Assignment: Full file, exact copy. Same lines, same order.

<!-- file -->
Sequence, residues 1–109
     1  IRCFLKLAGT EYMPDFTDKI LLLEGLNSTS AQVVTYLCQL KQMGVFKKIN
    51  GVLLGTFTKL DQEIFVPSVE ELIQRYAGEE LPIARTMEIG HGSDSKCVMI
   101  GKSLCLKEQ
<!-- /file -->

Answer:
Sequence, residues 1–109
     1  IRCFLKLAGT EYMPDFTDKI LLLEGLNSTS AQVVTYLCQL KQMGVFKKIN
    51  GVLLGTFTKL DQEIFVPSVE ELIQRYAGEE LPIARTMEIG HGSDSKCVMI
   101  GKSLCLKEQ